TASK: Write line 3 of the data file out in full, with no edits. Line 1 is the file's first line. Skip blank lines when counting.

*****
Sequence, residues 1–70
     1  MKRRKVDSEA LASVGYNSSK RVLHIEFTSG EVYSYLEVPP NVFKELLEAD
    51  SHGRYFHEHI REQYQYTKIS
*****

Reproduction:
    51  SHGRYFHEHI REQYQYTKIS